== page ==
Enjoy your new reads!

    Anne – Books of My Heart This is my Sunday Post
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    • Lark_Bookwyrm

      Wow, that sounds like a much bigger problem! I’m glad they were able to fix the dam and bridge, and that the state and county were responsible for it. But I’ll bet it took quite a while.

  3. Nicole @ BookWyrm Knits

    So… I will admit that my first reaction to your lake/dam story was interest, too. It was only after the fact, when you mentioned the potentially affected families, that I realized I was ignoring the potential impact on people. (This is, of course, because there were no injuries. That would have been first priority, but it sounds like the damage was noticed before it caused any actual harm.)

    I listened to a bunch of Irish / Celtic music when I was younger, too. My journey started with Clannad, who did the music for a UK Robin Hood TV show back in the day.
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    • Lark_Bookwyrm

      Good point about there being no injuries (and thank heaven for that!) I think that’s one of the reasons I’ve been as much interested as sad, too.

      I’m familiar with Clannad, though my Irish-music journey began with The Chieftains, which my stepfather discovered because they did the music for Barry Lyndon. He got very into them, bought a bunch of their albums, and took my mom and me to a Chieftains concert when I was in 8th or 9th grade. I didn’t mention them in my comment because I’ve been creating a separate Pandora channel for Irish and Celtic music (as opposed to British trad/folk/folk rock). There will be some crossover—Silly Wizard being the obvious example—but sometimes I’m more in the mood for the Celtic feel, and sometimes I’m more in an English mode. I was a folksinger in my youth, and sang a mix of British, Irish, and American folksongs (traditional and then-contemporary) at my college’s coffeehouse, back in the day.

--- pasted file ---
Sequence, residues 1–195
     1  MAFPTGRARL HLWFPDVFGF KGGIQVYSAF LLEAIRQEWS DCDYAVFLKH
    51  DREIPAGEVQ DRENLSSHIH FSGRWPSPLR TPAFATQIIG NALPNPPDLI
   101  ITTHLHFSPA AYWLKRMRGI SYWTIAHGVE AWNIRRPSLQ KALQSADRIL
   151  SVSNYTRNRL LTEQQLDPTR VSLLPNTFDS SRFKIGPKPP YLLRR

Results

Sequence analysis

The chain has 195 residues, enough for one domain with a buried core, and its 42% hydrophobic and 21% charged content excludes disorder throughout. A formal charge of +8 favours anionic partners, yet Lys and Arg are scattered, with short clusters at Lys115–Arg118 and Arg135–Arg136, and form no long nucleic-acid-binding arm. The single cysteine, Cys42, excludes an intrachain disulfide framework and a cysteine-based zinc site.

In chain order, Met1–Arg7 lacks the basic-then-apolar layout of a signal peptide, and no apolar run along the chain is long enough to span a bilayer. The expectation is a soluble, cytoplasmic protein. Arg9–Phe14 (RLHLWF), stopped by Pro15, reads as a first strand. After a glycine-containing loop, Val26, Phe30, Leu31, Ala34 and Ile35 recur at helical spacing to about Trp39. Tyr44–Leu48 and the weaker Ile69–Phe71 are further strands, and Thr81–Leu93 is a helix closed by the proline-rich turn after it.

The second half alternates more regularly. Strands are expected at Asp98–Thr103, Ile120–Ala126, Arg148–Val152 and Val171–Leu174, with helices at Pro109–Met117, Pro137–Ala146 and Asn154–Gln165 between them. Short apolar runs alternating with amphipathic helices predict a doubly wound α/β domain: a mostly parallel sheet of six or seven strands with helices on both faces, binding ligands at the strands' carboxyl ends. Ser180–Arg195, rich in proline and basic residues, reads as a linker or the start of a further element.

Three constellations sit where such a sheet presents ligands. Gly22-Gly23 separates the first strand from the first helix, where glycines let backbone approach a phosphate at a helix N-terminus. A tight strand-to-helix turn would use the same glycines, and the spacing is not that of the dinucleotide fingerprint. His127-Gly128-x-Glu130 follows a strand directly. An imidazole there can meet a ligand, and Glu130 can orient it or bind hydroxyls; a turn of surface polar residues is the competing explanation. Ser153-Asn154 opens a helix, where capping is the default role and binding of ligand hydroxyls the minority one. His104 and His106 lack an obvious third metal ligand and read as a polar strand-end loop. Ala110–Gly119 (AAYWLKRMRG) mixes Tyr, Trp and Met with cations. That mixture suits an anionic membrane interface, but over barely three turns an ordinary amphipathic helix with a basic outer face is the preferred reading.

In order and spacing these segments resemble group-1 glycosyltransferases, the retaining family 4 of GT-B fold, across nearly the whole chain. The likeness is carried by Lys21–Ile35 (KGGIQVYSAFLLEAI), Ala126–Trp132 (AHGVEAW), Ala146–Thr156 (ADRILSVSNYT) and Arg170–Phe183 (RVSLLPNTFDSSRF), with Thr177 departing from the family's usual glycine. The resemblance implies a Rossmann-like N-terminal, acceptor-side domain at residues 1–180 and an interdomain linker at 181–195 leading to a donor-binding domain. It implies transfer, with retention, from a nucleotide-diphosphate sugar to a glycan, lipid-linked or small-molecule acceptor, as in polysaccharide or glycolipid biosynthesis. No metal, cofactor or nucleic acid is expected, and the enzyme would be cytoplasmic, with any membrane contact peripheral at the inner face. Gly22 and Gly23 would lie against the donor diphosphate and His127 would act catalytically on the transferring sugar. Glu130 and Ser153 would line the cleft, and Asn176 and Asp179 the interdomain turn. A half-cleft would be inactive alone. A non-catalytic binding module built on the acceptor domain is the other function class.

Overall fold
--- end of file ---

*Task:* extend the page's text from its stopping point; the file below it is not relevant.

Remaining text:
4. Katherine

    Oh how frustrating about the dam. Hopefully it will be resolved as painlessly as possible. Three Blind Mice is one of my favorites! Thanks for your concern about our heat. It only gets this cold maybe 2 or 3 days every few years so it’s really a nonissue but when it does happen I get whiney! I hope you have a wonderful week!

  5. Berls

    How sad about the lake – fascinating but such a beautiful feature of your community causing so much distress and expense. I hope it works out without too much challenge and expense – at least beyond what’s already in the coffers!

    Hope you’re having a great, safe week ❤️